Bussarakum is beautiful, much more beautiful than is typical of Thai restaurants in Los Angeles. Wonderful colors like orchid, peach, pink, black and gray blend with fresh flowers (even in the ladies' room), a mirror-like ceiling, airy view windows and sparkling white linens to create a sophisticated, dressy look.
But, then, your everyday homespun Thai restaurant wouldn't fit this location on the Melrose Avenue boutique belt.
There is another Bussaracum (spelled with a "c") in Bangkok. That Bussaracum is renowned for its presentation of exquisite royal Thai food. The two restaurants are not related, which is unfortunate. The Melrose restaurant could use an infusion of the Bangkok standards. Right now, its kitchen is erratic. One night the dishes were too bland. Another day they were too hot.
Good ideas go wrong in the execution. It is clever to present the noodle dish, pad Thai, wrapped like a package in an omelet. But it is not clever to blacken the omelet and overdose the noodles with chile. In a charming presentation, a foil packet is cut at the table into a basket, revealing assorted seafood on a base of bean threads. But it isn't charming to find the seafood dry and a portion of the packet scorched. Perhaps the next day things were better. That would be nice, but no consolation to the customer who paid $11.50 for the scorched package.
Part of the problem may be newness. The restaurant has been open a little more than two months. Let's hope that in another two months the kitchen settles down and works consistently on a level appropriate to the effort that went into designing the restaurant.
Bright Blend of Juices
Right now, you can get better mee krob elsewhere. But you can't go elsewhere for Bussarakum punch, a bright blend of juices that goes exceptionally well with spicy food, perhaps better than the pervasive milky Thai iced tea. And in these anti-sodium days, it would be hard to find a restaurant brave enough to add salt to its lemonade, a Thai technique practiced at Bussarakum. If the salt is not overdone, it makes the lemonade all the more thirst-quenching.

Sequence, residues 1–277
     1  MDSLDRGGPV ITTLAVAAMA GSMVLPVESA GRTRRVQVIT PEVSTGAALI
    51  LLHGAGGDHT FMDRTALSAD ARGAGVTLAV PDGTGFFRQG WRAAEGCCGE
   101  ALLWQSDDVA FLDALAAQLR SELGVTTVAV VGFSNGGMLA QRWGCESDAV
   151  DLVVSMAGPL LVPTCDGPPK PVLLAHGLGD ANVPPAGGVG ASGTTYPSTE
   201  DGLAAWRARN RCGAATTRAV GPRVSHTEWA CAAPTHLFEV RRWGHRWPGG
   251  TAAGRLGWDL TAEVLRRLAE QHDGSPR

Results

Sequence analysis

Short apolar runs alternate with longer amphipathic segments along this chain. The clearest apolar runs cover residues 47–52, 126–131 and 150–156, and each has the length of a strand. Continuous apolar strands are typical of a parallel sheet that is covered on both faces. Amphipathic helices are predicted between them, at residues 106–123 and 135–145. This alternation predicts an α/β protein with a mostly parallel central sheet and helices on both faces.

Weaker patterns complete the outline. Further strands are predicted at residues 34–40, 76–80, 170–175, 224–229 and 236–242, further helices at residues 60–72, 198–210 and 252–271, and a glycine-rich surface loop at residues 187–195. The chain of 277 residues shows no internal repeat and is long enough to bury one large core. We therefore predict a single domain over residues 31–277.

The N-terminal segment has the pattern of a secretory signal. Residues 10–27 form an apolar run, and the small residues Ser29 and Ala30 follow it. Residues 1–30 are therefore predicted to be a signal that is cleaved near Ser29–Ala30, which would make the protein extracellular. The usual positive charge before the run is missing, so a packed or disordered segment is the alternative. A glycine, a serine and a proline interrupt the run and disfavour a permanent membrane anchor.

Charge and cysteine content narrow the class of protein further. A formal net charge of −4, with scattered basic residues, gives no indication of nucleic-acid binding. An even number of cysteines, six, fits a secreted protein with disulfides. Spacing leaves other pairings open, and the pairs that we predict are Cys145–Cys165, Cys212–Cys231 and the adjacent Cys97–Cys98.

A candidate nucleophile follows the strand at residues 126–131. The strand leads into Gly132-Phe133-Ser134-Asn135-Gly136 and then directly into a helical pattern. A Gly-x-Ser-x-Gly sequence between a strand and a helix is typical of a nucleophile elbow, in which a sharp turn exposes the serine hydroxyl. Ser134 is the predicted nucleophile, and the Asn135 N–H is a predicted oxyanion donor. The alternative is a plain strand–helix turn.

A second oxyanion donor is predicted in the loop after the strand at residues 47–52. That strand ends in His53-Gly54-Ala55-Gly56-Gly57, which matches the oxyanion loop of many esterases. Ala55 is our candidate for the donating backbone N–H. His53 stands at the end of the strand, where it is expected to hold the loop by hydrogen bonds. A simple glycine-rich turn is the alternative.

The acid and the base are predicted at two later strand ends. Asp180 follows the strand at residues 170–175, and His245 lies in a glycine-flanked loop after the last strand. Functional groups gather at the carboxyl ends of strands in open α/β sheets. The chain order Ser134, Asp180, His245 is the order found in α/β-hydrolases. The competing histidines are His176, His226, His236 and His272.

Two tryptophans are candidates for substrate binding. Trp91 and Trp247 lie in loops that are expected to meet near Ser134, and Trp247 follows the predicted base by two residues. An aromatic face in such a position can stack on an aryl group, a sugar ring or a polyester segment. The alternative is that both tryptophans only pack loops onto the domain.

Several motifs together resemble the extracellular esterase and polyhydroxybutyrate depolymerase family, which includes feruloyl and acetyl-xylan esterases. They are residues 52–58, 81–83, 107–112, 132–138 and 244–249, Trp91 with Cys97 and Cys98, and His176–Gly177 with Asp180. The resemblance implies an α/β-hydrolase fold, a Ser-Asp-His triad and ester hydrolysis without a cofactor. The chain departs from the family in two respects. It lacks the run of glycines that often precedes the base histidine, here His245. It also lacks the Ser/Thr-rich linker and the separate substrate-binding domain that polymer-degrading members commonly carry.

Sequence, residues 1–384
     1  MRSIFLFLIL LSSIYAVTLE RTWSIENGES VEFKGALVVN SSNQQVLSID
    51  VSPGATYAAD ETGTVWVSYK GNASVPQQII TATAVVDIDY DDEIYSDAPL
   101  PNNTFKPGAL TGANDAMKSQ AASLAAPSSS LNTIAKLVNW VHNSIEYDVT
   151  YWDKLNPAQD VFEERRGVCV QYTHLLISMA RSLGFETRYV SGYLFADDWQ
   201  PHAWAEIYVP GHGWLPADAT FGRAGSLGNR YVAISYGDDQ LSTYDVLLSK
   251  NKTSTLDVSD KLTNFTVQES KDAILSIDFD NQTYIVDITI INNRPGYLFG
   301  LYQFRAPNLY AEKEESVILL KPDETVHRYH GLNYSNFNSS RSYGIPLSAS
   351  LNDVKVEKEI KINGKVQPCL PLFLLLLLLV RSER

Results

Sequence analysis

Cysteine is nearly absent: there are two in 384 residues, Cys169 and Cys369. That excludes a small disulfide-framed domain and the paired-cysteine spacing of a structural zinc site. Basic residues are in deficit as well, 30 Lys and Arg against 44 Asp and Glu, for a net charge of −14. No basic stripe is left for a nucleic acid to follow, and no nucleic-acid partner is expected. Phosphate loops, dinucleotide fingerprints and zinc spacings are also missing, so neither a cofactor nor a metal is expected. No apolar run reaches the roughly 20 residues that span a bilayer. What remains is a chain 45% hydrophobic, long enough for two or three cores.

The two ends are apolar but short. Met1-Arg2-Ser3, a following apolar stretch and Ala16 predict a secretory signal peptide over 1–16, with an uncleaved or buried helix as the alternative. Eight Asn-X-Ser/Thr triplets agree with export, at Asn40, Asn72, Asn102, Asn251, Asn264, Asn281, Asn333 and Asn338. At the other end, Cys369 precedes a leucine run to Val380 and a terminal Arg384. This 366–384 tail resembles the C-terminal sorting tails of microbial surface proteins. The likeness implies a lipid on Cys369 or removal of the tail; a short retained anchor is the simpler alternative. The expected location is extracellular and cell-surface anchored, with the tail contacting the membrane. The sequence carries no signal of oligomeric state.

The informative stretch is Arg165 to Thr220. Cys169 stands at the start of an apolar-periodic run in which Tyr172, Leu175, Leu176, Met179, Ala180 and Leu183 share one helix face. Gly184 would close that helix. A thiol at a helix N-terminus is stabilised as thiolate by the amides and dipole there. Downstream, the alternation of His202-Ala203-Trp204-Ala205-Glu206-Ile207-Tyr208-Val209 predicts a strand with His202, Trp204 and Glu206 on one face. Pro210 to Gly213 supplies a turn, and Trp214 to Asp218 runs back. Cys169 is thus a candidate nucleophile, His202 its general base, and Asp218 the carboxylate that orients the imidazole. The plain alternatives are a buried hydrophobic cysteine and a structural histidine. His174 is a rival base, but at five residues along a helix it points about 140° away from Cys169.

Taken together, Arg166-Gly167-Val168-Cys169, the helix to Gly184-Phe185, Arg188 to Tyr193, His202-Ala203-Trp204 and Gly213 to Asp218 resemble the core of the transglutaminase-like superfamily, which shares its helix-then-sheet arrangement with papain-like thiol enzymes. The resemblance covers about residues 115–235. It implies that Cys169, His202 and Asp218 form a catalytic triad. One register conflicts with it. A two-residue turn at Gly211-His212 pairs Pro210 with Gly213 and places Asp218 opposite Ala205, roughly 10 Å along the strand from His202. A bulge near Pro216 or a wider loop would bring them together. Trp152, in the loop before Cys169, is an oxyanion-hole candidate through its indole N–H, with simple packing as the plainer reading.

More than drinks is needed to make a menu, though, and Bussarakum does have some good dishes, probably more than I have been able to find in a handful of visits. Its crunchy rice appetizer, kao-tang na tang, is marvelous. The stuffed chicken wings are fine. And so is the satay, which arrives dramatically in flames.
Bussarakum serves the usual sour shrimp and chicken-coconut soups. Its specialty, though, is oxtail soup, a clear, sourish broth that contains potato, tomato, cilantro, onion and a few flecks of chile in addition to the oxtails.
Haw-mok, a Thai-style seafood mousse flavored with Asian spices and coconut milk, is lovely. It comes two ways, plain (haw-mok tale) or stuffed with mussels (haw-mok hoi).
Nau-sub, a rice noodle dish, has a lettuce base and an interesting sweet, slightly crunchy ground beef topping. But the seasoning was wrong when I had it. The dish fairly cried out for chiles to balance the sweetness and to match the word spicy in the menu description. In this case, moderation meant blandness. Honey duck is sweet, too, but the sweetness of its dark brown honey sauce is appropriate to the meat.
There is much more on the menu, and lunch specials make it possible to try such premium dishes as the honey duck and crab claws for a reasonable price that includes a salad and shrimp-fried rice.
To conclude, there is coconut ice cream, not the rich, creamy type usually encountered, but an icy version combined with corn kernels and jack fruit and so sharply cold it freezes your teeth. Despite the pain, I loved it.
Bussarakum, 7353 Melrose Ave., Los Angeles. Location is upstairs in a small shopping center. Phone (213) 651-0642 for reservations. Open Monday through Saturday from 11 a.m. to midnight, Sunday from 6 p.m. to midnight. Major credit cards accepted.